As Greg Nathan from Franchise Relationships Institute states in his book Profitable Partnerships, ‘Happy franchisees are profitable franchisees and profitable franchisees are happy franchisees’.

But getting franchisees to a point where they understand what it takes for them to be profitable can be tricky. I believe success starts right at the beginning, when a prospective franchisor defines exactly what their franchise group will look like and who will do what, and then managing budgets to make sure it all works.

There is a process which starts at concept stage and keeps going all through the life of the franchise, changing with the times. Managing this process through thick and thin is the clear responsibility of the franchisor. This is one of the key features that attracts astute people to the franchise sector, and why it is such a standout success.

Let’s look at how this process works.





Franchisor cashflow budgets

First, set the group up around the people involved. Whether you are reviewing an established franchise group, converting an existing business to the franchise model or developing a group from a business concept, the first step is always the same: work out who does what.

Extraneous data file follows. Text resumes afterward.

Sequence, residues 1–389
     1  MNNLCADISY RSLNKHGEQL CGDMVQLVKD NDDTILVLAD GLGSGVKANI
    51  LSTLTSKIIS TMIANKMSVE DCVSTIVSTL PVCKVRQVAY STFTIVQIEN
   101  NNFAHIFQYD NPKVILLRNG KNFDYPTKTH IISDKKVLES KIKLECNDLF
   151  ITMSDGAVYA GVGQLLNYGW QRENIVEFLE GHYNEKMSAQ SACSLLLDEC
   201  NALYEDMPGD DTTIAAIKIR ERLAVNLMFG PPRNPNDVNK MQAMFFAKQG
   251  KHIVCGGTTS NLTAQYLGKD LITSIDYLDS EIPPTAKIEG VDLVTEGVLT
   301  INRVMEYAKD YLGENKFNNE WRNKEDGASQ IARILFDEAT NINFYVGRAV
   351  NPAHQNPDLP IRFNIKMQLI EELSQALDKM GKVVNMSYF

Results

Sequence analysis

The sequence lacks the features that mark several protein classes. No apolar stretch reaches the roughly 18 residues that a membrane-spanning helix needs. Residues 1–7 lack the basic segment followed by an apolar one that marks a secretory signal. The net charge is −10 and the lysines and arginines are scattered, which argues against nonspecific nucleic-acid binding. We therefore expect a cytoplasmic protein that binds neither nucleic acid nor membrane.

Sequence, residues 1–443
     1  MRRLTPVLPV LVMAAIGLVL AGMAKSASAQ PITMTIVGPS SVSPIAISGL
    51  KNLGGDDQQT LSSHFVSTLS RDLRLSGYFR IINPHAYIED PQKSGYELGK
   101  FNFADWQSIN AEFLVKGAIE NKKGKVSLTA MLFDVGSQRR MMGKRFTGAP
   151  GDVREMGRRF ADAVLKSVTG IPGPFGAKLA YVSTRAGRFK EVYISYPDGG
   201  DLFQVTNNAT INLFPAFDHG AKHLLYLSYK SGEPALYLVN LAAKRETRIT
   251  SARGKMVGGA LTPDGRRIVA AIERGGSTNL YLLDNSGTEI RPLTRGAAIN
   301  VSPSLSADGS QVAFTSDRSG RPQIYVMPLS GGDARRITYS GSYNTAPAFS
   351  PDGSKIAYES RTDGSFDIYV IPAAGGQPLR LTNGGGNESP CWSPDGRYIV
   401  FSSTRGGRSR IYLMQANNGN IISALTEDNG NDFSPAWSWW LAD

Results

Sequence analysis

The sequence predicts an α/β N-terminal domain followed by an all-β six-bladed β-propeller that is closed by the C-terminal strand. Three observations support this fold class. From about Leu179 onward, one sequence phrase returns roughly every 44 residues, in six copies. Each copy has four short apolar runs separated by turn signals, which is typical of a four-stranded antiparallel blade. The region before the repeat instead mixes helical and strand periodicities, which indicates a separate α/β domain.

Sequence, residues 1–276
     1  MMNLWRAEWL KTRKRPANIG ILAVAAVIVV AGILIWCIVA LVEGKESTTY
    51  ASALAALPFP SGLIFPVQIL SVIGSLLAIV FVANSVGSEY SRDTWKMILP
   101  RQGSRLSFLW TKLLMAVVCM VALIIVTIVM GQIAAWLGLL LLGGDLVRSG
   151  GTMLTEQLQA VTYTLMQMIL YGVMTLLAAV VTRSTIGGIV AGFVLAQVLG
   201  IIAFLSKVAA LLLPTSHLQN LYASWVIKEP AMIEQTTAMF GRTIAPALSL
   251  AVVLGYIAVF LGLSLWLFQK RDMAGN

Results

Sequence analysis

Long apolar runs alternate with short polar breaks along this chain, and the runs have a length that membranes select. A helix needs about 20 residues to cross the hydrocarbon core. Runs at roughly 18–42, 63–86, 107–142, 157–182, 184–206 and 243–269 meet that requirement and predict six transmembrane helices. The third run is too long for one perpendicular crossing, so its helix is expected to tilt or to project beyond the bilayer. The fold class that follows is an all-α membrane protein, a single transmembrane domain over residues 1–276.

On the surface this sounds simple. But we have found that quick assumptions just don’t work.

People have unique characteristics and skill sets, which means we are great at some things and not so great at others. The key is to find people who can do the core technical tasks and who will keep the customer happy.

So, ask a series of questions to work out who really does what and what support is needed to keep franchisees successful at looking after clients and bringing in the money. Then set up initial cashflow budgets and fee structures to make sure the money works.

Once you’ve got the people plan, it’s time to measure it against the money. And the more accurate the base, the better your cashflow budgets are going to be.

So, wherever possible, the first thing we ask for are cashflow budgets based on an existing business or franchise group. Then we ask for budgets to be prepared for franchisee initial set up costs, and all marketing and other contribution plans.

This material is then used to set up three-to-five-year cashflow budgets for a proposed franchisee business and the new franchisor business. Yes, we believe you will be converting your business from one business into a minimum of two new business entities and both need to be planned together carefully so they work in unison to get the job done.